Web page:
Thank you, now on with the next stepsPosted by Heather Leson on 10 December 2017 in English (English).
Thank you to all the OSMF members, fellow candidates, board, and outgoing board members. It has been a privilege to consider your priorities for OSMF via questions, notes, and conversations.
We are the community, the map, and the project. The lovely people who make OSM part of their daily flows count on all of us at OSMF to meet the full mandate and the full potential. This means considering, then building on how we might balance the growing, changing needs of the open, global, diverse community.
Over the past few weeks, the questions on the wiki and the conversations on this mailing list have pointed to some potential actions. Converting those requests and ideas into productive working documents for consultation is the next step. There are many people on this list and in the wider community that will contribute if there are healthy spaces and a clear ask. It is up to us in the membership, in the working groups, and on the board to make this possible.
Thank you again,
Comment from nebulon42 on 10 December 2017 at 20:07
Congratulations Heather for being voted onto the board! I’d like to ask you two questions on topics that are important for me. Thanks for taking the time to answer them.
In your election campaign you repeatedly stated that you wanted to get into governance because of the “data/directed editing policy”. I think that the involvement of your employer (the international commitee of the red cross) with humanitarian mapping constitutes a conflict of interest for you here as the directed editing policy possibly could have an impact on your employers activity regarding humanitarian mapping.
How do you plan to handle this conflict of interest in relation to your goal to get into governance because of the directed editing policy?
I think it is great to have more women on the board especially since Kathleen stepped down quite early. I also think it is not a requirement that anyone on the board has experience with IT or software development. But I think mapping is quite important, because it enables you to relate to the community more and helps to better understand some of the problems the average mapper faces (probably) daily.
Do you plan to do some regular mapping maybe even outside of the humanitarian context if your time allows?
(I’m an OSMF associate member.)
Comment from Heather Leson on 17 December 2017 at 07:26
Thanks for your congratulations.
Regarding policies - The community and working groups will manage this issue. I am mostly concerned about how we consult and coordinate. Any major policy should have a framework of inclusive consultation. When I responded to the initial email about the “Directed editing Policy”, I asked for details on research had been conducted in relation to other global data projects or policy planning. This has remained unanswered. One recommendation I would like to make is that all the local chapters get input into this. The reality is that the mailing list is not the only forum to reach people. As for conflict of interest on this policy, I would ask that you consider all the board members in that criteria.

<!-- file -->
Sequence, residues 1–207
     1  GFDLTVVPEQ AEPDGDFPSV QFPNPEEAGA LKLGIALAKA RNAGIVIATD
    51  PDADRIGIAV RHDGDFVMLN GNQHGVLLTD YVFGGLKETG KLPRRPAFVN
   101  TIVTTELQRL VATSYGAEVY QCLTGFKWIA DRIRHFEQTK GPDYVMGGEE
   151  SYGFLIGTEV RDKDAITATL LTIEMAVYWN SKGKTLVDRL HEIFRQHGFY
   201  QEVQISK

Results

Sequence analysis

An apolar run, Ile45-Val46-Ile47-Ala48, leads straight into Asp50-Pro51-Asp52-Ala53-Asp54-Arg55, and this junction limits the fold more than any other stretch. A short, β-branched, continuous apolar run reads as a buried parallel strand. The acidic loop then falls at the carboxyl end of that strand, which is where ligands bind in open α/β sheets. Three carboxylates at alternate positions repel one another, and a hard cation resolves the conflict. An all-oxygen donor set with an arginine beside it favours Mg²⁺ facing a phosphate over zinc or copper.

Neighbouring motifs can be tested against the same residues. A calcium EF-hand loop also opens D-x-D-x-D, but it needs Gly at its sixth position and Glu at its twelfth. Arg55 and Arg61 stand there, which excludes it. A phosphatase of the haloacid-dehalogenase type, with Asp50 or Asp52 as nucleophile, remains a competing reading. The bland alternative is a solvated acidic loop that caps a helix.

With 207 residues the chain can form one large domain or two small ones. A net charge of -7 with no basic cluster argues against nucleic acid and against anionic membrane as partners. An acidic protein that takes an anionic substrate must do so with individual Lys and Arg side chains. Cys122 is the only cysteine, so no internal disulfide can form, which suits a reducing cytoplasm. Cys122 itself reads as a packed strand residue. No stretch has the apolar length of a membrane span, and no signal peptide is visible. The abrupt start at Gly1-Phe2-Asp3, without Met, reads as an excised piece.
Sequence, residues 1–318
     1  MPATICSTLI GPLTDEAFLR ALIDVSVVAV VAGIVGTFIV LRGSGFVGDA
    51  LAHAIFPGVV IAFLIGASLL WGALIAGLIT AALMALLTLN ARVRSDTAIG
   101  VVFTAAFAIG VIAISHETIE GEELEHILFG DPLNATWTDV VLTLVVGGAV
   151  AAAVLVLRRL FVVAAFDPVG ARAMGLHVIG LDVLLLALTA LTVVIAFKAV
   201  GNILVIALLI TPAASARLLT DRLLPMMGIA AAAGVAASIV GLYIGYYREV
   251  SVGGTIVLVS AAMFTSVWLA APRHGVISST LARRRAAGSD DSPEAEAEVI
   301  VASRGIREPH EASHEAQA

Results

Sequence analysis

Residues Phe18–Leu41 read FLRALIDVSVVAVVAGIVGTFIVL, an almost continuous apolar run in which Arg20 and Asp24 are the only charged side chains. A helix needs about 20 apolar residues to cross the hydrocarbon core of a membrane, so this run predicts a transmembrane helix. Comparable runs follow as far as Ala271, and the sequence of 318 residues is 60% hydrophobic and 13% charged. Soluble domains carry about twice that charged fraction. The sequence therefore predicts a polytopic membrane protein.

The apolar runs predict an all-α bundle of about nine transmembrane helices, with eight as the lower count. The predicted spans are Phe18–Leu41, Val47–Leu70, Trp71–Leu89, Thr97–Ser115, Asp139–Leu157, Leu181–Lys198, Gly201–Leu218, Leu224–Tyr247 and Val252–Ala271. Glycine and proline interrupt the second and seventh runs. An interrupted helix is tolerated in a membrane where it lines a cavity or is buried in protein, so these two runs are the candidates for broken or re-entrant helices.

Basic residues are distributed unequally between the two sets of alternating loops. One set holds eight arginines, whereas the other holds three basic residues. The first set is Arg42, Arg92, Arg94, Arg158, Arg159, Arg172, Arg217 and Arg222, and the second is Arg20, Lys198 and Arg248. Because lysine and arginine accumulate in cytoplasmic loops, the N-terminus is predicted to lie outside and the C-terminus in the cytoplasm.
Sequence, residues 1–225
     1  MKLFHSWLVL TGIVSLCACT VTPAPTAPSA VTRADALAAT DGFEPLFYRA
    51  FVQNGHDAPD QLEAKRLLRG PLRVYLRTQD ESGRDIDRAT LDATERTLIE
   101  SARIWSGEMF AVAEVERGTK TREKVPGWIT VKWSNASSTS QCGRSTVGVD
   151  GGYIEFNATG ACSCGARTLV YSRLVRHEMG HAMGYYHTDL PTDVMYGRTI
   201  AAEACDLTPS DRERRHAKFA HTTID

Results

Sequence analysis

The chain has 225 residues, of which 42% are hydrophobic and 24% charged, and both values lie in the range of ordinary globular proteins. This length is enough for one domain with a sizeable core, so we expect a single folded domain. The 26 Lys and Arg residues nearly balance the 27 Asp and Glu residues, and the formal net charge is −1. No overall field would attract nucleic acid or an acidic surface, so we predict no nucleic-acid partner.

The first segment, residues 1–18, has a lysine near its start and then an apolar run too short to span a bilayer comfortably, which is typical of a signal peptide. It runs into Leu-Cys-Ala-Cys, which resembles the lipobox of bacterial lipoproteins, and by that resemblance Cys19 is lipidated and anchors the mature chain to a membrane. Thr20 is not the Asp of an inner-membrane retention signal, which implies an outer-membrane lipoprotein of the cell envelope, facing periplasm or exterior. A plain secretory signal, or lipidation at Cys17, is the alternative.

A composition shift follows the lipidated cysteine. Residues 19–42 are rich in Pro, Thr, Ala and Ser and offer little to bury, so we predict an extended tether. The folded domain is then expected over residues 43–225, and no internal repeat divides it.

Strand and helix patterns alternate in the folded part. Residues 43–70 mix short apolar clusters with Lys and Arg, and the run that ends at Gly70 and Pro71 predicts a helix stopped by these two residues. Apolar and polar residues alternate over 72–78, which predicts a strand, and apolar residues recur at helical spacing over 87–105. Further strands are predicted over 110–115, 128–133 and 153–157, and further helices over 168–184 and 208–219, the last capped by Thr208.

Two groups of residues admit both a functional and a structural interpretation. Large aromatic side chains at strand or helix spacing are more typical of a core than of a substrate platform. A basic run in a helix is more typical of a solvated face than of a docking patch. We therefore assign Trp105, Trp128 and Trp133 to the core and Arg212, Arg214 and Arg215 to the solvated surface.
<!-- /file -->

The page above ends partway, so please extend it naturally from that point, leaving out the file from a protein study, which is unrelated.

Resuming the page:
Your implicit questioning about my IT background has been answered. Regarding mapping, yes I do plan to improve on this area.
My questions for you and others on this front:
How do you think people should adjust their online behaviour to collaborate and negotiate with others who have different viewpoints or experience?
Comment from nebulon42 on 20 December 2017 at 21:00
Thanks for addressing my questions.
Of course I do. But I might have misinterpreted your intentions by the brevity of your statement.
I think you misunderstood me there. It is my opinion that having an IT background or not is really totally unimportant for being on the board. I just pointed that out because someone at Q&A wrote something along the lines of “your are on Github, but you only did …”. I didn’t like that quite much. I also found that one particular e-mail directed at you quite despicable. Yes I know that I also have written a not so nice e-mail at another occasion (not directed at you), but still nothing compared with that. But we learn and improve ourselves so I think.
Interesting and difficult question. The first thing is respect, obviously. But it is really easy to throw this overboard when communicating on the internet and not face to face. We will have to improve, but false generalisations like the whatever pit of something are no help (btw. Doesn’t this fall under the HOT CoC?). There might have to be guidelines but they need to stay low-level (less is more) and be quite explicit. We shouldn’t be tempted to overregulate also because we have to adjust to our cultural differences. We also have to make sure that regulations and guidelines are not used by those with control to silence critical voices. Vague guidelines might have the problem to be used for overregulation.
There is the board who can set this on its agenda. There is also the CWG that can help to have this implemented. Acceptance by the community is paramount here I think.